The next time your client hits a performance plateau, encourage them to breathe more, not work more. Muscles need oxygen to repair and strengthen. Restrictions in the shoulder girdle, be they from injury, poor posture or generalized tension can impair breath capacity by restricting movement of the scapulae and ultimately the respiratory diaphragm. When we see people breathing clavicularly we know their bodies are trying to “dis-arm” themselves to get the weight of the shoulders and arms off the lungs. Their own bodies know if they can breathe deeper, they can work harder.

To dis-arm your client, try the YTU Therapy Ball Rotator Cuff sequence and some PNF (proprioceptive neuromuscular facilitation) work for the neck to help them literally ‘lighten up.’ They’ll be holding those planks for a long time in no time. Here’s a clip of some simple upper trapezius work from the 5 Minute Quick Fix for the Neck video to help relieve abused upper back and neck muscles from all that tension.

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Christine Jablonski

I believe most people who end up in the fitness profession are trying to heal themselves. Fifteen years ago I sought out SPIN to rehabilitate a full knee reconstruction. Ten years ago I started Pilates to help me recover from a horseback riding accident. More recently, as still-young age and old injuries caught up with me, I began a restorative and Kripalu yoga practice. In every instance, with every discipline, I've experienced a moment of “ahhh....I want to make everyone feel this good.” And so began my path toward fitness studio ownership where I could keep my classes small and focused on my client's journeys from injury, through healing, and on to strength. In addition to figuring out how my clients and I could feel even better (as well as look better in our jeans), curiosity about human biomechanics led me to study with Helena Collins of Life in Synergy, Sadie Nardini of Core Strength Vinyasa Yoga, and of course, Jill Miller. Combing the knowledge from these tremendous teachers with my strong Pilates background has enabled me to create exceptionally effective programs for my clients, who range from joint replacement patients needing post-physical therapy help to the “uninjured” wanting stronger, better aligned bodies so they can experience life to the fullest.

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Millie

I think I say ‘depress your shoulder blade” at least 10X in every class I teach… I never related it to their shallow breathing, (because I remind them to deepen their breath even more often)… just to concentraing and a natural reflex due to lack of proprioceptive knowledge of the body part being engaged. I’m always happy to learn a new angle, so thank you for this clip, I’ll have a different view of those rising shoulders today in class!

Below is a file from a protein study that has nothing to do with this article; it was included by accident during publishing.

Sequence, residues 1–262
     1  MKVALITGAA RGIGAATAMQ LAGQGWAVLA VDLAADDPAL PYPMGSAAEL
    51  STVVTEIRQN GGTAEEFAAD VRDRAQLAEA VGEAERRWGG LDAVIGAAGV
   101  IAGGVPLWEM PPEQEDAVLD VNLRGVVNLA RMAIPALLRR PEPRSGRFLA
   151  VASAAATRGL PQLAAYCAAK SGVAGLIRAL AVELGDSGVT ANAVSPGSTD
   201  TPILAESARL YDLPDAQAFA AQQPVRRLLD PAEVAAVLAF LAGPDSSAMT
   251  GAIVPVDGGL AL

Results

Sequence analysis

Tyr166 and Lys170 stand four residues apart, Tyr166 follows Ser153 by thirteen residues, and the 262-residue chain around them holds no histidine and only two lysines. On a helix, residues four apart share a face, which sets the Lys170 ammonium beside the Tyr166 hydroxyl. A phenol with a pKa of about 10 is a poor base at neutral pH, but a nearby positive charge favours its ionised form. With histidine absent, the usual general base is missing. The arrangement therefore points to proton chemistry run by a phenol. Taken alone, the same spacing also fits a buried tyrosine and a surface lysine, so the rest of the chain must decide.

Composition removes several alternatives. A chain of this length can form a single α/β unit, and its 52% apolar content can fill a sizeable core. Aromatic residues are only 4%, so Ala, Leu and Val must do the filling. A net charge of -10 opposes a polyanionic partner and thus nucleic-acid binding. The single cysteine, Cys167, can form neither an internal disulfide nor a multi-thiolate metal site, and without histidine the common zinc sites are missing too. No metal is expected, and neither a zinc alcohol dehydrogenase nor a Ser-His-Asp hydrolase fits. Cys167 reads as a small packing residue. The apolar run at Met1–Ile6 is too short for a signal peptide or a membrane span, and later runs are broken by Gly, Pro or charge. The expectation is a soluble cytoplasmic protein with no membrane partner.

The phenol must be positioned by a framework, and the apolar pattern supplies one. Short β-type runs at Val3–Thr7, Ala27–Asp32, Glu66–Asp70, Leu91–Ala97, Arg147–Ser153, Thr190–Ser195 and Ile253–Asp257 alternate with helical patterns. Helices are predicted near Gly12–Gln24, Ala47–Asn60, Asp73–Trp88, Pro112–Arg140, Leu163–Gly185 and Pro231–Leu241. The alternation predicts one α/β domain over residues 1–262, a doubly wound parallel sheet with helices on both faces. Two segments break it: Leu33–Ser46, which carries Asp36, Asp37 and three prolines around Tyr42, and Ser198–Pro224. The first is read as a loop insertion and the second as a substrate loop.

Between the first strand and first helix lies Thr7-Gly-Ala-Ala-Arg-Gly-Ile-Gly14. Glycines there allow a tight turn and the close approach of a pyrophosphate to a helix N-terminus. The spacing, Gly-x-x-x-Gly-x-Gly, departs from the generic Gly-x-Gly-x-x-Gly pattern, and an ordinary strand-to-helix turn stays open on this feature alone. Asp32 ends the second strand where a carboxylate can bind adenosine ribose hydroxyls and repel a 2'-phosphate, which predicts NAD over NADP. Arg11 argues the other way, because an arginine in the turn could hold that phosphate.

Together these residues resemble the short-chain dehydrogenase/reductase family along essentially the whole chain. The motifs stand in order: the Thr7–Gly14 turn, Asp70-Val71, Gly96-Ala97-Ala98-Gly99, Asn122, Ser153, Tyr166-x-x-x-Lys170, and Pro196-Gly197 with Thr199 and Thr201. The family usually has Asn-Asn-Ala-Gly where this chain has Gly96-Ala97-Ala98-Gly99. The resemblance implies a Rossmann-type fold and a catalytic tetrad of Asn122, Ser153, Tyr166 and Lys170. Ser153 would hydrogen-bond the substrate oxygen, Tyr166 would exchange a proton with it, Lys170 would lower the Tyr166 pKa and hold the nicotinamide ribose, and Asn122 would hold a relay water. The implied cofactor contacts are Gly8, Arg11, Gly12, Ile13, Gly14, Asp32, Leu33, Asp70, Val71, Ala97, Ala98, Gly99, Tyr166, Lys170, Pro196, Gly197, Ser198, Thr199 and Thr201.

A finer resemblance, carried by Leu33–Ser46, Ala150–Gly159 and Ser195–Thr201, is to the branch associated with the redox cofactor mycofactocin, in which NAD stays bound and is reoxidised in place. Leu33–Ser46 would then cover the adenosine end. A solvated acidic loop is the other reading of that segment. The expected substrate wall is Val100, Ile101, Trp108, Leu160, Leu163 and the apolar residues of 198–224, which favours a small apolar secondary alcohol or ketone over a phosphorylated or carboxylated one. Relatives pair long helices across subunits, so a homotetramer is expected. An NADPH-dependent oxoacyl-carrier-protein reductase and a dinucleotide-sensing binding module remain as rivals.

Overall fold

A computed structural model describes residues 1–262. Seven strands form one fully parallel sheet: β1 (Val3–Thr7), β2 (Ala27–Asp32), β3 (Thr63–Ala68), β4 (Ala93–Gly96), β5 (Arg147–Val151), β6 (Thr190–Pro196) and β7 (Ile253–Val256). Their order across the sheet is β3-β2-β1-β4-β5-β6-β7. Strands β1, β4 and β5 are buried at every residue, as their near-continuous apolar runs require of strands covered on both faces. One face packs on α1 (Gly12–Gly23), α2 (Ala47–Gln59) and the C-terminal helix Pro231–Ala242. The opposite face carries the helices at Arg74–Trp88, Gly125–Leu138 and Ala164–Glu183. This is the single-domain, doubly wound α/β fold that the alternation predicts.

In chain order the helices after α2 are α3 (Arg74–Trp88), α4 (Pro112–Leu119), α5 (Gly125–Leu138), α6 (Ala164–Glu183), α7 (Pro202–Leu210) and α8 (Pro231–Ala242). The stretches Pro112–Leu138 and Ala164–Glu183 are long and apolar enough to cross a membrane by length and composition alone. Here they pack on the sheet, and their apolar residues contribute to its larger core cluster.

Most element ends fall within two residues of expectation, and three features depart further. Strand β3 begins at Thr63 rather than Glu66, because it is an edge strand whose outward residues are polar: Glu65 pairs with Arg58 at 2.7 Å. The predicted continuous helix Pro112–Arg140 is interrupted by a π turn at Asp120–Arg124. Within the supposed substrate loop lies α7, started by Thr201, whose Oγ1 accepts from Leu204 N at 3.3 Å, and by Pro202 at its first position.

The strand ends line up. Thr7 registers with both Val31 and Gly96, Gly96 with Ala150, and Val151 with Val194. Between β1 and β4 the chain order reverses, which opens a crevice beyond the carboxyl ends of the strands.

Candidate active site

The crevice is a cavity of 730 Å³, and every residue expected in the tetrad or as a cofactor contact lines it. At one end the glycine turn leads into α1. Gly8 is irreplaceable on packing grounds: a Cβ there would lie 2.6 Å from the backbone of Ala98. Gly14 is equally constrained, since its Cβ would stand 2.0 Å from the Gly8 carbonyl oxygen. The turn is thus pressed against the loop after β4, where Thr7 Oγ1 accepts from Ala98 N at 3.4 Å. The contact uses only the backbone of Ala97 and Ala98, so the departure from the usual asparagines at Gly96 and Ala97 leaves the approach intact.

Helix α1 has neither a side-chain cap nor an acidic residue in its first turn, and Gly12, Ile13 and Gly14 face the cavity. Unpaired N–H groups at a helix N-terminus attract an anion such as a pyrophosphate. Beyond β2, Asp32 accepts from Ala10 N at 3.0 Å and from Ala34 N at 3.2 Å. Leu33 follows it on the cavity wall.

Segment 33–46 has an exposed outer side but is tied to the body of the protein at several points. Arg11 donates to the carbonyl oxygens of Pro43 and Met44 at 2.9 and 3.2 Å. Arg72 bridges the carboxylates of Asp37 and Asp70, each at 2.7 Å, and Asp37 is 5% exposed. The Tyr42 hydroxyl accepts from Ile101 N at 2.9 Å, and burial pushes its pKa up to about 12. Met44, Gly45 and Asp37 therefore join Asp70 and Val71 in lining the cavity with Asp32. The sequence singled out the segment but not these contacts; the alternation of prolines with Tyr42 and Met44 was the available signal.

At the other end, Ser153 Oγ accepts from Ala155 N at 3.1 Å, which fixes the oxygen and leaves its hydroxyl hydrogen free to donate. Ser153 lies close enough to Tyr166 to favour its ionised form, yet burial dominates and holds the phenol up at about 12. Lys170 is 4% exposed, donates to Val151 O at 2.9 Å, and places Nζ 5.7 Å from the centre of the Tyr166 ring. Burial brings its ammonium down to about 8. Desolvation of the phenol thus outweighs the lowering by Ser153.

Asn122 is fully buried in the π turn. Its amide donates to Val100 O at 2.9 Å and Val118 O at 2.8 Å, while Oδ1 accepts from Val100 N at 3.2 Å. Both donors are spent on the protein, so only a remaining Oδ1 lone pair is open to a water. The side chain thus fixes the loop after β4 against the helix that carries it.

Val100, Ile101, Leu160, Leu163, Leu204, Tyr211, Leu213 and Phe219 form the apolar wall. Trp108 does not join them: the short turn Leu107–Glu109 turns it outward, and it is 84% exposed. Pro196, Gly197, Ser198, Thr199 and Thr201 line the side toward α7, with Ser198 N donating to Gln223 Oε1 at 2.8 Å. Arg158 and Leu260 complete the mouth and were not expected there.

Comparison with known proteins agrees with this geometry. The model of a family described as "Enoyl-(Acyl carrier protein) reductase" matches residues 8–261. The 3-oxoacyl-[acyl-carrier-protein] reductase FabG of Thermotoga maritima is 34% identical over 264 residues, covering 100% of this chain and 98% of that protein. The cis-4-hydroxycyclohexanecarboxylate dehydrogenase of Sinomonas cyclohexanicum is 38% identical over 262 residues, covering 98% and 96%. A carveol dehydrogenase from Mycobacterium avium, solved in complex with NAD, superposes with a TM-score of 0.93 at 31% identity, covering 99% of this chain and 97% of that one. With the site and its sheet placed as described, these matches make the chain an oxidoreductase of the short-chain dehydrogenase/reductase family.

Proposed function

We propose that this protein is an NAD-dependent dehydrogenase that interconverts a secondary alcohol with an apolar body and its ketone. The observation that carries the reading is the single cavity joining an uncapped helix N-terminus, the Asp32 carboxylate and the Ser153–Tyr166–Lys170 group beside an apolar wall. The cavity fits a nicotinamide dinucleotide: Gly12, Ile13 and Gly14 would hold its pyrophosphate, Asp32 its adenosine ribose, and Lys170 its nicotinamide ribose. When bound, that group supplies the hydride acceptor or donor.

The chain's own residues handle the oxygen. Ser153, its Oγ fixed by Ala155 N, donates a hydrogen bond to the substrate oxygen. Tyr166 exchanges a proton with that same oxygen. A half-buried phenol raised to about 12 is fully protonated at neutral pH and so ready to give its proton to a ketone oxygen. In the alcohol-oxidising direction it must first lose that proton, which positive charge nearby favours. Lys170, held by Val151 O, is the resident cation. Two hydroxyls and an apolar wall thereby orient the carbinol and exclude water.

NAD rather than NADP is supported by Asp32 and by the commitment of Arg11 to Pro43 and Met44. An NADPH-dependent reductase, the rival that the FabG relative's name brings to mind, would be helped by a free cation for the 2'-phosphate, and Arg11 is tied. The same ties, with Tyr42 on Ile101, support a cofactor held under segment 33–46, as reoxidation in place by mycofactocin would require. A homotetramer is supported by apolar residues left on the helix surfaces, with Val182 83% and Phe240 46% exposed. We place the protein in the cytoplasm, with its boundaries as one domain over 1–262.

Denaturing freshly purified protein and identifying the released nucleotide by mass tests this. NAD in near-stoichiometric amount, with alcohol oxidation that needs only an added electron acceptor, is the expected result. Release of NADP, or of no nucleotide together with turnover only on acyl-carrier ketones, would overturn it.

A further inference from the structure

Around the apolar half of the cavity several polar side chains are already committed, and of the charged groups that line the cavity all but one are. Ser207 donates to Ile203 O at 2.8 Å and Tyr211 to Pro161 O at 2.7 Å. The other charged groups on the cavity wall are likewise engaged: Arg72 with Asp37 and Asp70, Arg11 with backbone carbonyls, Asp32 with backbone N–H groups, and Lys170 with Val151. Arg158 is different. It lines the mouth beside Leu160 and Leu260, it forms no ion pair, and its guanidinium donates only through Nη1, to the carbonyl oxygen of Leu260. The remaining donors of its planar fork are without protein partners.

Christina Powers

Everytime I hold my breath, whether on purpose or on accident, my shoulders are shrugged up near my ears. It is empowering and very freeing to know that with some deep yogic breathing or other pranayama you can induce peacefullness and relaxation that will affect both body and mind. Coordinating breath with movement helps to decrease stress, strain, and helps with tissue repair, and healing.

Eva Berswick

that’s a great advice. Breath more. I also had some bad experiences with Ibuprofen as it is very harsh on the stomach and the intestines. Since I refused to take anything stronger after a surgery, I also struck out with Ibuprofen. However during pain we tend to hold our breath, not depen it. Yoga made that change for me, the Yoga Tune Up balls are just an extra added bonus.

Luisa

I was always popping ibuprophens for headaches and upper shoulder aches and then one day I had enough. I was on the edge of purchasing industrial size bottle of medication and thought that I had to rely on myself and not chemicals and that was when I discovered yoga and yogic breathing. Although this wasn’t a cure all, it definitely was the beginning of the end of my reliance of medication for relief. From there I discovered various neck stretches from my massage therapist and then Yoga Tune Up for the neck and shoulders. And now when I begin to… Read more »

Nancy

I love this advice. I don’t need to work hard – just breathe more! I ignored the imbalance in my neck and upper back for a long time until it finally froze me up. There was nothing i could do to relieve the pain, no comfortable place. Each time this would occur doctors would prescribe pain meds, anti-inflammatories and muscle relaxants. On more than one occasion i also received some variation of happy pill in response to my rising anxiety about this problem. Finally an MRI revealed a slipped disc in my cervical spine. I was traumatized! I could no… Read more »

Brigitta Dau

Great advise! I have found too that the stronger and more fit the client is, the more sophisticated and open the client is to try new things to gain more strength, speed, etc. My Pilates clients are mostly runners looking to assist in their training and have found they run faster races when including tune up and pilates into their workouts